• Service
  • How has my idea of empathy changed after the service?

    I feel that after doing this service, my idea of empathy has changed in the way that it has changed the kind of people I feel empathy for. I realised that, after working with people of cerebral palsy, is that the best way to show empathy for them is to realise that they are equal to us and to treat them as though they are the same, that their disorders are not something that holds them back and demands pity for them. I was able to see how the best way to show empathy to these people was to not be sympathetic at all because of their disorder; to be treated the same as I treat someone in my school would be showing them empathy.

  • Uncategorized
  • Do We Worry Too Much About The Effect Technology Has On Our Lives?

    I think that we do sometimes worry too much about the effect technology has on our lives; I think it is easy for us to use technology as an excuse for a lot of the bad, but also while recognising that it has a lot of benefits to us we seem to focus a lot more on what the bad aspects of it are nowadays looking at the easy access we have to it. I think that the human race has enough of a sense of the power of technology, and we do worry too much about what the effects are when we could be out finding better ways to combat any negative outcomes of technology. We need to appreciate technology for what it is, and instead of finding ways in which it affects our lives negatively, we should look at how to use that to improve our lives significantly.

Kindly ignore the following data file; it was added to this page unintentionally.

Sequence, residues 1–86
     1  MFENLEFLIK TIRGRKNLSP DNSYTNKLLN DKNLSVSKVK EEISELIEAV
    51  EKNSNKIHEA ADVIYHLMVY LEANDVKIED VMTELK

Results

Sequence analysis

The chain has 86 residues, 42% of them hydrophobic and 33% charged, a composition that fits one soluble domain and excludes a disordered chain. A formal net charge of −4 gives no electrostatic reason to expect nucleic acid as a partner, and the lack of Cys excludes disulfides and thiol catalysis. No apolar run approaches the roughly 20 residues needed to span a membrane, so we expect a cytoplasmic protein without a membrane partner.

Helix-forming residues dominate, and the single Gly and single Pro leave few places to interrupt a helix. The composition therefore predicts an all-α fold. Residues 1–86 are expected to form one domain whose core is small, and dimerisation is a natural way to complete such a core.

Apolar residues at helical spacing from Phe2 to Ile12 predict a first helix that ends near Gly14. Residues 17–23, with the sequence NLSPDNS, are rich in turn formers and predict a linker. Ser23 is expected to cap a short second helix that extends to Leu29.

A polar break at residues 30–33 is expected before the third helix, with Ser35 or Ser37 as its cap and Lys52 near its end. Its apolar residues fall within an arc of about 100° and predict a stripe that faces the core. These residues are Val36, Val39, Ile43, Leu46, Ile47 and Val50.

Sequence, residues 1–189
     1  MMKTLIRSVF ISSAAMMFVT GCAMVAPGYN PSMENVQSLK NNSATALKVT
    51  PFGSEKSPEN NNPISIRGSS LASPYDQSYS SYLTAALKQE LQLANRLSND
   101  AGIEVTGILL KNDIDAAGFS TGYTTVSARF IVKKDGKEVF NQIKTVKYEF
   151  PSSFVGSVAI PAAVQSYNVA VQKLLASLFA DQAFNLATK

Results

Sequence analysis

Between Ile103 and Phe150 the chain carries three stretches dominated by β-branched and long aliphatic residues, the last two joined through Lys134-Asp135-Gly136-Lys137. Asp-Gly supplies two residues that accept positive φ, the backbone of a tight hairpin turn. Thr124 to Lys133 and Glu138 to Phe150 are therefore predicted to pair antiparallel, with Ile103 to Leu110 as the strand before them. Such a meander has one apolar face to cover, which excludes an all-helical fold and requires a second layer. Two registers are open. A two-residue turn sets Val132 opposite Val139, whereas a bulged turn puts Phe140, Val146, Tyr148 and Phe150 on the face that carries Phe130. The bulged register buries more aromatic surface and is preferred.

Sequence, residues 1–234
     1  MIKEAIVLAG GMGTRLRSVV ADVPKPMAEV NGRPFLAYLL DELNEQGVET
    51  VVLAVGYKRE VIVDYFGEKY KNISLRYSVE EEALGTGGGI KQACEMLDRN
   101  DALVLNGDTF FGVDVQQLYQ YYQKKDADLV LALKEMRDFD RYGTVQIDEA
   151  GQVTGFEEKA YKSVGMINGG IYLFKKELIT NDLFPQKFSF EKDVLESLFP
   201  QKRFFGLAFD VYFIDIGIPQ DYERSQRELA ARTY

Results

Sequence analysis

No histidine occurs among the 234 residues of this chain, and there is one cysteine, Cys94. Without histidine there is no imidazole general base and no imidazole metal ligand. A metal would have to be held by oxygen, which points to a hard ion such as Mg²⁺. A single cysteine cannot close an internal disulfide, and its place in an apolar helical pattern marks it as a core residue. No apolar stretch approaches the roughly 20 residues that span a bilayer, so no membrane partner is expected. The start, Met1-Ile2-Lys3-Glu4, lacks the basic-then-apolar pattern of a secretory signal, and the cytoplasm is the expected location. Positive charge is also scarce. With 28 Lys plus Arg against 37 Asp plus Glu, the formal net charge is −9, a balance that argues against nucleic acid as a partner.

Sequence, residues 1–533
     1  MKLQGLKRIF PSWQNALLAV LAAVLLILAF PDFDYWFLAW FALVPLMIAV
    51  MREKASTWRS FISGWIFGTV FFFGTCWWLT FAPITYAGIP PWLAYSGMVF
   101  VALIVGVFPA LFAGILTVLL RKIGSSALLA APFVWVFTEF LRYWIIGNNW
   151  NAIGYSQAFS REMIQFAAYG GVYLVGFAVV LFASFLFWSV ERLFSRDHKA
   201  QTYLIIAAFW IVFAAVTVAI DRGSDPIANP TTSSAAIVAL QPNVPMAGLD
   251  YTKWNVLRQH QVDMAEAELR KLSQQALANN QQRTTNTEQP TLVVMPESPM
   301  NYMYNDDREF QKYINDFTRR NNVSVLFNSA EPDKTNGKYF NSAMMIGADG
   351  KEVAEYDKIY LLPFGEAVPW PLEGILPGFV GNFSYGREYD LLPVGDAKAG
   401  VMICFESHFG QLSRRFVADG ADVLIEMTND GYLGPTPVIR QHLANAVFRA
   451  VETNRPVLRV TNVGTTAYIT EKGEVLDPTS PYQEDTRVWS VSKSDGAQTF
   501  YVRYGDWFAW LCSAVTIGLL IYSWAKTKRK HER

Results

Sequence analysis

• English
  • Writer’s Fortnight Reflection

    “Our student-writers rose to the challenge, producing authentic, responsible and powerful pieces.” As a student-writer taking part in the annual Writer’s Fortnight at school, my job was to create a piece of journalistic writing (I went with a feature article) based on some of the human interest volunteers we had come to school and talk […]

  • DPERS
  • Podcast Wrap Up Post

    Quotes 


    “Mentally tough artists, writers, and employees deliver on a more consistent basis than most. They work on a schedule, not just when they feel motivated. They approach their work like a pro, not an amateur. They do the most important thing first and don’t shirk responsibilities.”

    This quote relates to this project for me, the most out of all the other quotes. I think that the direct concept of being mentally tough in the form of responsibility and consistency relates more to this project than anything else, and being able to remember and remind one another in our group was crucial in the outcome we had. We did not shake off responsibilities that we knew we had, and we also made sure to let one another know of responsibilities that the other may have.


    “Mental toughness is like a muscle. It needs to be worked to grow and develop.If you haven’t pushed yourself in thousands of small ways, of course you’ll wilt when things get really difficult.”

    The way that this quote most relates to our project is in the idea of pushing ourselves; we needed to constantly be able to motivate one another and be behind one another to contribute equally to the final product; we were able to push ourselves in numerous ways, be it through reminding ourselves of what the consequences would be and how much work we would have to catch up with if we did not do what we needed to, or if it was about reminding ourselves through other little things such as alerts and calendar reminders that gave us that little extra push into the sort of motivation mindset we needed.